Scary times often bring out purveyors who, for whatever reason, feel the need to prey on people’s fears. This has been especially true during current COVID-19 conditions. Rather than delve into why I think that is, I’ve instead tried to concentrate on what I think are a few pertinent economic and financial facts that are worth keeping an eye on. Here they are, in no particular order:
1. Contrary to what many may think, bear market draw-downs are actually part of a healthy market. The S&P 500 has experienced 26 “Bear Market” corrections of greater than -20% since 1928. That means on average, they have happened every 3.5 years. Will another severe downturn hit the stock market in the future? Based on history, it would seem to be a pretty good (and easy to predict) bet. One of the reasons we prefer to incorporate tactical positioning into investment portfolios is to help contain or limit downside volatility when markets are weakening, while attempting to reposition into markets that are strengthening or holding their own (in the interest of brevity we’ll save the specifics for future discussion). As to the issue of current market valuation, our indicators are currently, for the most part, neutral. Valuation numbers were actually much higher in 1929, the 1930’s, 2000, and 2008. It is also helpful to keep in mind that conditions of over, or under valuation, can remain in place for long periods of time (even multiple years).
2. Some are calling for another housing crisis, akin to the aftermath of 2008. But, what really led to that event? There were actually a few things, beginning with the fact that people took on way too much debt relative to their ability to pay. Banks also loaned money to people that either didn’t have good credit, and or flat out lied about their income (so called liar loans). Also, there was a lot of leverage in the collateralized debt markets (CMO’s). While the recent pandemic has certainly put some stress on the real estate market, there are definitely a few significant offsetting points: First; The ability of people to pay their loans has recently been at its most favorable point in 40 years. The same holds true for U.S. government debt, with debt service being very low compared to the size of the debt, and compared to the size of GDP. Borrowers were in much better shape going into this pandemic than they were going into the 2008 financial crisis. Second; Mortgage standards are much higher than they were a dozen years ago. Third; Banks have better capital ratios (due in part to financial reform).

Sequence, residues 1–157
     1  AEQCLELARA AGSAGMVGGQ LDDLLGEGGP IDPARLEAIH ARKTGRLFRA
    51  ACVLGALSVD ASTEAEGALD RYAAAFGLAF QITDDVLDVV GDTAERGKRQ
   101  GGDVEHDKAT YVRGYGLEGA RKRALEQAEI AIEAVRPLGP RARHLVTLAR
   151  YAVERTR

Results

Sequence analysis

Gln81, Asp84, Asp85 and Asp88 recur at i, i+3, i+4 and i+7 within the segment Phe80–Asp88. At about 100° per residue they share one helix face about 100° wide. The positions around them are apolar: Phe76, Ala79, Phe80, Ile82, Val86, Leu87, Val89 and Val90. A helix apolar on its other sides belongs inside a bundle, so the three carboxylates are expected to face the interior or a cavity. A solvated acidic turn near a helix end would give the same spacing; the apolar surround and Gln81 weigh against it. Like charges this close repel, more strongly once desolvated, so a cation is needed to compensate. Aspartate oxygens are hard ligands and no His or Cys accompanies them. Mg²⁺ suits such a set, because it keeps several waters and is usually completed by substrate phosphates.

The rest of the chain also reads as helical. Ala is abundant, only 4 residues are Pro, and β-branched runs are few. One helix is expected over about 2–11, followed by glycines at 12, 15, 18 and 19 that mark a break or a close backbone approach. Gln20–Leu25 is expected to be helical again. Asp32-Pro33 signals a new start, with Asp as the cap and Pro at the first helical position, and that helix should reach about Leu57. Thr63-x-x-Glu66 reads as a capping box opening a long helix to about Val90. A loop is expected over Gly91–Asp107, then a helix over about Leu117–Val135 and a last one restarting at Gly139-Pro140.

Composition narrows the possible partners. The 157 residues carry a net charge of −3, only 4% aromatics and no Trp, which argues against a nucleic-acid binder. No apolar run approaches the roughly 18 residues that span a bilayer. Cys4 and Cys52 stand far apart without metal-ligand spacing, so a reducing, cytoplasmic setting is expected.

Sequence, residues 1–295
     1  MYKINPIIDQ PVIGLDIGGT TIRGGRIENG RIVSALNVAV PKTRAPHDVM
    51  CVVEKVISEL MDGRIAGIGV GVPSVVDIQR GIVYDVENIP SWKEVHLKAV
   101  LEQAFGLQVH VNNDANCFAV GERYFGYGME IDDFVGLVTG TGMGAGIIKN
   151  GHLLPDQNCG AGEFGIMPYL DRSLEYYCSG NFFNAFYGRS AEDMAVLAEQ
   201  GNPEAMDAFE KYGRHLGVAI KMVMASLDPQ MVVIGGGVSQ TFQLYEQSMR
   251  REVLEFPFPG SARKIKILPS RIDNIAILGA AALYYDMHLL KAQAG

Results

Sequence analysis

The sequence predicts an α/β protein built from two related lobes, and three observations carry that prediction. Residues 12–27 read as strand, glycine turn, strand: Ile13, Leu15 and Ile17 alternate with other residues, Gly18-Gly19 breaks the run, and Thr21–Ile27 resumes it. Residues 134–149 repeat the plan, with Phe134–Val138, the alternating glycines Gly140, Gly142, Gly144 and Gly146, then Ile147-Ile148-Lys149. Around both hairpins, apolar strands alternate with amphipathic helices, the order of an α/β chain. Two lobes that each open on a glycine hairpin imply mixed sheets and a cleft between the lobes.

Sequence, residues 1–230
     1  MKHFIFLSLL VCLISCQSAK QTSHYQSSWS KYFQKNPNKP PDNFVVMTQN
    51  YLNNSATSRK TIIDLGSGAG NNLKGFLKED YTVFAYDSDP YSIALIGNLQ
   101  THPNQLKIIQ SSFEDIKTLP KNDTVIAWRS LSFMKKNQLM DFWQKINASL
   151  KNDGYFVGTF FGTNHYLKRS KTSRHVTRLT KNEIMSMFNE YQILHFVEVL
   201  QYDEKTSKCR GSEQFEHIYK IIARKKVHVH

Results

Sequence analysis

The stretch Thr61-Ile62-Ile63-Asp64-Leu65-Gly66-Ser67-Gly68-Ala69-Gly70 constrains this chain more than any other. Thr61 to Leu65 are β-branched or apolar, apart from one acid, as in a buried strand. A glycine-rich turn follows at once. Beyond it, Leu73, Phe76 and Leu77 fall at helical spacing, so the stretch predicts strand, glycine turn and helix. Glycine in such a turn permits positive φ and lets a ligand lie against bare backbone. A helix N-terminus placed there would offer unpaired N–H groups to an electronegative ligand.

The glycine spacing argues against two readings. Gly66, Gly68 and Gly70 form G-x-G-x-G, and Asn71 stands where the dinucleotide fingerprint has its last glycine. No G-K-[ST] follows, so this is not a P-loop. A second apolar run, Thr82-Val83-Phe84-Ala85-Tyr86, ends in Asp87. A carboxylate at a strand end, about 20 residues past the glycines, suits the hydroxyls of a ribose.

3. Millennials are on-track to be a larger generation than the Baby-Boomers and they tend to save less and spend more. While this may not be good for their retirement plan balances, it is certainly good in economic terms (especially with all the money they stand to inherit).
4. Some have pointed to Money Velocity heading lower, and this is valid. But, what is driving it? A big factor is that the Fed has pumped so much money into the economy, that spending velocity has not kept up. Also, banks are required to keep more capital on hand, (compared to 2008) and people are investing more of it. So, in reality velocity has been technically driven lower because of Fed programs (like QE) but not due to a stagnant economy.
5. Finally, with record amounts of stimulus being injected into the economy, there is much being made about hyper-inflation rearing its head. I am not advocating additional debt, but it is interesting to note that despite all of the debt burdens being alluded to by many, there has been little inflation, as measured by the Consumer Price Index (CPI) over the years of the great debt build up since the 1980’s.
Greg Stewart | CIO